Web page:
Aung San Suu Kyi was released from house arrest today and met by a delirious crowd of many thousands risking retaliation from the military to greet her. Burma’s leading spokesperson for freedom, democracy and peace, she has been detained off and on since 1989.
Known to her friends as “Suu,” she is the leader of the National League for Democracy party and daughter of Burmese democracy leader Aung San, occupies the place in the hearts of the Burmese people that Mahatma Gandhi did in the hearts of Indians.
Her definition of freedom is “freedom from fear,” which leads her to believe that she was freer under house arrest than most people are who have what they consider freedom.
There’s no telling how Suu’s release was related to the rising light upon the planet or what the impact of those increased energies will have on her success in the coming months of bringing democracy to Burma. The conventional explanation of her release is that it is a public-relations gesture in the face of steadily-increasing international pressure for her release.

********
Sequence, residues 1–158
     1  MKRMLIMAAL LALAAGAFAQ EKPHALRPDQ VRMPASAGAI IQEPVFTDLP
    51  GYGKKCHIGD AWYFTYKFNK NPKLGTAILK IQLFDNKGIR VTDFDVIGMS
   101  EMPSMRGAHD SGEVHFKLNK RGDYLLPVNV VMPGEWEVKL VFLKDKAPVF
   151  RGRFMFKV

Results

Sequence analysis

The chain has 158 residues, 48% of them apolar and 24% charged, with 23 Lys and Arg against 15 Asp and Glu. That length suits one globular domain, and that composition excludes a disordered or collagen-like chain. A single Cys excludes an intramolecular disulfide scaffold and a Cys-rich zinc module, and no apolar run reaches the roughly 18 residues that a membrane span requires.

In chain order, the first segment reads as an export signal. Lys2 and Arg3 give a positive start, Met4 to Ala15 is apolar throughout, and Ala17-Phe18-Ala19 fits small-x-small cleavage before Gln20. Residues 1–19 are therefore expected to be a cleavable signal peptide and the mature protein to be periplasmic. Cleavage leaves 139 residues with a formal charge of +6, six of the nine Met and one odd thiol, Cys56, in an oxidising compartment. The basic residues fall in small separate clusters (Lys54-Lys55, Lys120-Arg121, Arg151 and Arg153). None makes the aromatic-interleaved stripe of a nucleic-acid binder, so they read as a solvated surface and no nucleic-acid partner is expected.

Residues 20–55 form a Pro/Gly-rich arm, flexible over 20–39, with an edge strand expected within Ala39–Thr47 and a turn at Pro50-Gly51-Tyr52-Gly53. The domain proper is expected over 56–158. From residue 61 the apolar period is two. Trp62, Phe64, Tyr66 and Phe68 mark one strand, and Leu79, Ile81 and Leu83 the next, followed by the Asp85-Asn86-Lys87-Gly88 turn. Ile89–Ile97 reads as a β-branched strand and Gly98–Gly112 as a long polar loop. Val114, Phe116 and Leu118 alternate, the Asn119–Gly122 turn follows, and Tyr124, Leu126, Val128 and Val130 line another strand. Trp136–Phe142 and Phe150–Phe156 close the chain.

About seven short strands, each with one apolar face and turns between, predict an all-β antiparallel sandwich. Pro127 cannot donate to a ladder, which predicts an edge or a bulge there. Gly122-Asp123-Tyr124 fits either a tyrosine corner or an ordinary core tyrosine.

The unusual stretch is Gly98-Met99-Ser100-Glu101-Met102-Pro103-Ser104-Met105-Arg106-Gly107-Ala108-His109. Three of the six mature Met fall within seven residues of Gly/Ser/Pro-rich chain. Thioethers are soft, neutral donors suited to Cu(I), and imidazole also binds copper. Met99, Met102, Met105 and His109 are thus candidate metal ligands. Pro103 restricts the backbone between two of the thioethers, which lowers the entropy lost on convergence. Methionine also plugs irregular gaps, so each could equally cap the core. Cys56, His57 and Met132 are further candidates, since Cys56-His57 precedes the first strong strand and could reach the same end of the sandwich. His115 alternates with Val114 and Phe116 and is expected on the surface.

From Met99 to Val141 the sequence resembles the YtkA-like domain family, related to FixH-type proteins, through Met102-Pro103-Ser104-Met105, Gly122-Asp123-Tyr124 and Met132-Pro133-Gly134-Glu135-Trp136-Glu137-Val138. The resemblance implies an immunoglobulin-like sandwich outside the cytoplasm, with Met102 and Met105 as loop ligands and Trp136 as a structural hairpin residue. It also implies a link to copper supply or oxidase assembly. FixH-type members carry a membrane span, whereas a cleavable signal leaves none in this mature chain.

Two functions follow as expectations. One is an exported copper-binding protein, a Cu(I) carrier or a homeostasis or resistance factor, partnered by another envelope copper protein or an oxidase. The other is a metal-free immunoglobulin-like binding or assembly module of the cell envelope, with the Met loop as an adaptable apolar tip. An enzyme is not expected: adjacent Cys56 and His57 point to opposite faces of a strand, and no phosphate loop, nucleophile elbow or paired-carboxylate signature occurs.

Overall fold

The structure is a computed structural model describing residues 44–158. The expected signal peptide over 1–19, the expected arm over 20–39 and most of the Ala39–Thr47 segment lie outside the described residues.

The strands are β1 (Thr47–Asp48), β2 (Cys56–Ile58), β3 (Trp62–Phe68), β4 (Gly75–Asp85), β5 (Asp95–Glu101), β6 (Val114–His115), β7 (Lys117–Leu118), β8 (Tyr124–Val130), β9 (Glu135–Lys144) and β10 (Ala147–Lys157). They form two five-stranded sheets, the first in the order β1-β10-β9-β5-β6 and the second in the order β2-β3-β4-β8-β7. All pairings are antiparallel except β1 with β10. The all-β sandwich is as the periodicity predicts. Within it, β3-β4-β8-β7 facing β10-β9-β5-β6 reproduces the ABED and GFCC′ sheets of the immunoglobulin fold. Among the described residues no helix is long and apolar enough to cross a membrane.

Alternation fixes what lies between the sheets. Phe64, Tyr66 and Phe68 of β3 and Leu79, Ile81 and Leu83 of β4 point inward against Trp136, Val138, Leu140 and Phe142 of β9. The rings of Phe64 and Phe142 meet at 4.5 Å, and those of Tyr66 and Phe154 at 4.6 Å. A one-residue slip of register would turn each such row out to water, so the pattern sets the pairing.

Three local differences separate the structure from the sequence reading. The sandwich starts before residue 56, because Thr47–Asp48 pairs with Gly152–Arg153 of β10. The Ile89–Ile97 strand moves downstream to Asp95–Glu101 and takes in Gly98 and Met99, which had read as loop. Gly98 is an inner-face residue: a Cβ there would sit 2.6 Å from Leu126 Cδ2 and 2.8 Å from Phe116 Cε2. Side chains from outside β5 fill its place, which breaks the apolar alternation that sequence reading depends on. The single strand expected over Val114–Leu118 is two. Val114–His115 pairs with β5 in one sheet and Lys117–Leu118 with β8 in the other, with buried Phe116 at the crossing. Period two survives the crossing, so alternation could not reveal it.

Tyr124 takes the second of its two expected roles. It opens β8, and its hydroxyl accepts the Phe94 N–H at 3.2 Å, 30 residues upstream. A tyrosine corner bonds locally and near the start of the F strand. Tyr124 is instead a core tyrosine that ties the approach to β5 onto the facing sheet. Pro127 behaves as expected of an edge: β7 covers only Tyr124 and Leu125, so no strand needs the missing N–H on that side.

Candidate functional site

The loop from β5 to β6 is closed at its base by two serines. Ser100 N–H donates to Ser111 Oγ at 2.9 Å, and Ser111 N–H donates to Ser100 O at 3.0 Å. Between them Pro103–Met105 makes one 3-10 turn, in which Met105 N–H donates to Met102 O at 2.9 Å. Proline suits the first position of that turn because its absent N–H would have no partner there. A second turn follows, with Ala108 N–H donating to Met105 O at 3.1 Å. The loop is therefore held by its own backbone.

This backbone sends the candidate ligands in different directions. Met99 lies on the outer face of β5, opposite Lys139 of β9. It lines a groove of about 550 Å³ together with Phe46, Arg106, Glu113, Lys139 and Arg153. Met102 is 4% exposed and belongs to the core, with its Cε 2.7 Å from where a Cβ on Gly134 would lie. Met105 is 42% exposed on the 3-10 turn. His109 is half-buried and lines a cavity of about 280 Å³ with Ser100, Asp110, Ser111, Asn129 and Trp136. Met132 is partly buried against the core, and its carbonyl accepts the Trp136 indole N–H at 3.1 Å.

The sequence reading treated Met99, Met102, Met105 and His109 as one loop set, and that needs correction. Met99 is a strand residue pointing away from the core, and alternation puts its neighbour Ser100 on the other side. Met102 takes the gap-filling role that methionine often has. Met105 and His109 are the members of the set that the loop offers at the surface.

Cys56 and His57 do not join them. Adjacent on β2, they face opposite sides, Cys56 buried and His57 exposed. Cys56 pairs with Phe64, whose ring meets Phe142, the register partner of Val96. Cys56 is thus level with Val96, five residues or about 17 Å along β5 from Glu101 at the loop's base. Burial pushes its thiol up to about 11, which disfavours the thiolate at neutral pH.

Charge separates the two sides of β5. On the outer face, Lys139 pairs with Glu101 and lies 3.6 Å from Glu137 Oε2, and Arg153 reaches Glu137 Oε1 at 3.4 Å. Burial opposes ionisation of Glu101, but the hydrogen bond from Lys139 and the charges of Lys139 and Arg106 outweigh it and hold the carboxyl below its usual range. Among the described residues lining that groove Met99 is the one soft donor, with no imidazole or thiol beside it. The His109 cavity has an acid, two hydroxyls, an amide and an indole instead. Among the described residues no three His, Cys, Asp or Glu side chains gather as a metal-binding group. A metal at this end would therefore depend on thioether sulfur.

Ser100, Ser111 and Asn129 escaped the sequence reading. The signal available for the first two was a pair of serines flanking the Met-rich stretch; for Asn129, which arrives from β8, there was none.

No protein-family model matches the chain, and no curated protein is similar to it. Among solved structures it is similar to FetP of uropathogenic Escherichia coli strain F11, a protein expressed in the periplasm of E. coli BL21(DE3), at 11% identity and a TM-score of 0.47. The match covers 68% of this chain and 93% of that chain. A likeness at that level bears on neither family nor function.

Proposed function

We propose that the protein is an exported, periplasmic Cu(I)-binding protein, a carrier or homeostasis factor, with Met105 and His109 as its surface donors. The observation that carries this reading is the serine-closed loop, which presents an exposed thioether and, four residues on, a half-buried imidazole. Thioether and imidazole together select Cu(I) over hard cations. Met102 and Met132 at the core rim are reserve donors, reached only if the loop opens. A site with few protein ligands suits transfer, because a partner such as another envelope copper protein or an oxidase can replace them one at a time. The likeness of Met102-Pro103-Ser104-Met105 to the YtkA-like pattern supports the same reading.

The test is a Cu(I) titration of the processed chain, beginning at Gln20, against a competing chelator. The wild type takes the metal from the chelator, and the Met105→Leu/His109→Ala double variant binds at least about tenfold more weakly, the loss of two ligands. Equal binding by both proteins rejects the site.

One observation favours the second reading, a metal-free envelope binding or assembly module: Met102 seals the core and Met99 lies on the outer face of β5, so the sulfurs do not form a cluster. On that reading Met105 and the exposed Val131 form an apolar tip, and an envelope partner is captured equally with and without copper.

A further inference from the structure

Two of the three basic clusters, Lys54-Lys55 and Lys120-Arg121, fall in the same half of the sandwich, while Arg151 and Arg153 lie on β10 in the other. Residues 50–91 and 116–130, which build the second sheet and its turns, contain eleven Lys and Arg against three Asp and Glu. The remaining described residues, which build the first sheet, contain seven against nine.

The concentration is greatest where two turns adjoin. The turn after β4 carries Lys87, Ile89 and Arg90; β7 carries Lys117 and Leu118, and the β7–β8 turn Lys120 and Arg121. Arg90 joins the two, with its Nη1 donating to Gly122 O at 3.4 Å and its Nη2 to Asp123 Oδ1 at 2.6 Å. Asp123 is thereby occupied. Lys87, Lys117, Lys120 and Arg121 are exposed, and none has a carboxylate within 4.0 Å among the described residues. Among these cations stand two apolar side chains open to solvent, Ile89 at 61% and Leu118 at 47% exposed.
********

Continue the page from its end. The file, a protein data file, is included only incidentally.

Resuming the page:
More than 2,000 political prisoners continue to be detained in Burma/Myanmar and there is no word from the authorities whether they intend to release them or not. Political commentators in Burma generally do not believe that Suu’s release indicates any intention on the authorities’ part towards extending democracy.
Suu became legendary when she faced down Burmese soldiers with drawn weapons in Rangoon during protests against the imposition of martial law. She lived with her husband, Michael Aris, in Britain before returning to Burma in 1988 to look after her ailing mother.
While there she became involved in Burmese resistance to the government and, as the daughter of General Aung San, an outspoken advocate of democracy, she felt compelled to make her voice heard in support of the human rights.
When her husband became ill from cancer in 1999, the junta offered to release her to join him but she believed that she would never be allowed back into Burma and refused to leave.
Suu received the Nobel Peace Prize in 1991 for her work on behalf of Burmese democracy.
My hope is that in the altering climate of the planet as we approach Ascension, Suu will succeed in bringing democracy to Burma as dictators around the world lose their ability to deny freedom to their people.